NICE, France – A terror attack that killed three people in Nice on Thursday left France increasingly embattled at home and abroad, as the government called for toughening measures against Islamist extremism, amid rising tensions with Muslim nations.
A knife-wielding assailant left two people dead in Nice’s towering neo-Gothic basilica, including a 60-year-old woman who was nearly decapitated, less than two weeks after the beheading of a teacher shook the nation. A third victim died Thursday after taking refuge in a nearby bar.
Jean-Francois Ricard, France’s top anti-terrorism prosecutor, said the suspected killer was a Tunisian man, born in 1999, who had entered France after arriving in Italy on Sept. 20. He said the man, who was unknown to French authorities, was arrested after lunging at police officers while yelling “Allahu akbar” and was hospitalized with serious wounds.
“Very clearly it is France that is attacked,” President Emmanuel Macron said after traveling quickly to Nice. French authorities placed a jittery country on its highest terrorism threat level.
The killings came at a time when the government’s recent words and deeds have put it at odds with Muslims in France and abroad, including heads of state like President Recep Tayyip Erdogan of Turkey. What many French people see as their country’s uncompromising defense of its safety and free expression, many Muslims consider to be scapegoating and blasphemous insults to their religion.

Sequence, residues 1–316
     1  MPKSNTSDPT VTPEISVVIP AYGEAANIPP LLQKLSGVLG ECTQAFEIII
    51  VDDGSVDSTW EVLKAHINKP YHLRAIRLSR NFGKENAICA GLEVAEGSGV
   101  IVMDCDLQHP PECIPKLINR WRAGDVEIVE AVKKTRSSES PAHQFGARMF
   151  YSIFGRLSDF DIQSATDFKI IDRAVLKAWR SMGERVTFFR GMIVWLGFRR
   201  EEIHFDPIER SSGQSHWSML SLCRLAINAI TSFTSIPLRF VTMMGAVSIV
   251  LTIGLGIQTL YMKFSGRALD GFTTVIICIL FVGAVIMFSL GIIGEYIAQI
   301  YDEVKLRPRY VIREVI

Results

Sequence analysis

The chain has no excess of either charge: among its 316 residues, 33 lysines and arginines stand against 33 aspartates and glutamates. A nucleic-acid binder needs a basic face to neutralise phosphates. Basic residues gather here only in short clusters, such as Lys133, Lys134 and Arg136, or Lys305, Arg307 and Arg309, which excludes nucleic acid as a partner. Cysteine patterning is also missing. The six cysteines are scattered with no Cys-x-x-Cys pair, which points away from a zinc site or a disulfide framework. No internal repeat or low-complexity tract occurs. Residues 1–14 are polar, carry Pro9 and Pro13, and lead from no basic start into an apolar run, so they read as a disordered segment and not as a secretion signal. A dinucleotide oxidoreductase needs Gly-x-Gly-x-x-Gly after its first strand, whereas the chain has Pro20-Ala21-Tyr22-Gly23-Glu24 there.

Just a few weeks ago, Macron called for an “Islam of enlightenment” and “an Islam that can be at peace with the republic,” in what he described as a renewed fight against radicalism and challenges to the nation’s secular ideals. Since the killing of the teacher in a suburb of Paris, his government has unfurled a wide dragnet against what it has characterized as Islamist extremism, vexing many French Muslims and stirring strong rebuke from Muslim nations.
The steps have included expelling imprisoned foreigners suspected of terrorist links, carrying out raids and rolling up a Muslim group it accuses of “advocating radical Islam” and hate speech. But few of those affected by the measures had any direct connection to the beheading of the teacher, who was killed by an 18-year-old Chechen refugee.